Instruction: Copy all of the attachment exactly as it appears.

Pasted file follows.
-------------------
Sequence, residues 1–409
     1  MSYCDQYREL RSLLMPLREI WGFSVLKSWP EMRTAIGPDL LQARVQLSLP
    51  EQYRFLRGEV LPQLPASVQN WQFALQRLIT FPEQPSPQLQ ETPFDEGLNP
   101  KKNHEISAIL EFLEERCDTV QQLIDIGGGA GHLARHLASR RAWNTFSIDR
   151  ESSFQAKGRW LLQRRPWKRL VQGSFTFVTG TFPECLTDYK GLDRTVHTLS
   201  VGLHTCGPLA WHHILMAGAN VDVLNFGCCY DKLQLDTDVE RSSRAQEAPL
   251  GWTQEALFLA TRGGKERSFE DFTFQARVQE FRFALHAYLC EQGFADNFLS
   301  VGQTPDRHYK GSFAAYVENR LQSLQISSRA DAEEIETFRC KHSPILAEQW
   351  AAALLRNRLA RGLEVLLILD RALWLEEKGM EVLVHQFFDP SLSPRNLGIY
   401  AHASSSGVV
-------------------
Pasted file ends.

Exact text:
Sequence, residues 1–409
     1  MSYCDQYREL RSLLMPLREI WGFSVLKSWP EMRTAIGPDL LQARVQLSLP
    51  EQYRFLRGEV LPQLPASVQN WQFALQRLIT FPEQPSPQLQ ETPFDEGLNP
   101  KKNHEISAIL EFLEERCDTV QQLIDIGGGA GHLARHLASR RAWNTFSIDR
   151  ESSFQAKGRW LLQRRPWKRL VQGSFTFVTG TFPECLTDYK GLDRTVHTLS
   201  VGLHTCGPLA WHHILMAGAN VDVLNFGCCY DKLQLDTDVE RSSRAQEAPL
   251  GWTQEALFLA TRGGKERSFE DFTFQARVQE FRFALHAYLC EQGFADNFLS
   301  VGQTPDRHYK GSFAAYVENR LQSLQISSRA DAEEIETFRC KHSPILAEQW
   351  AAALLRNRLA RGLEVLLILD RALWLEEKGM EVLVHQFFDP SLSPRNLGIY
   401  AHASSSGVV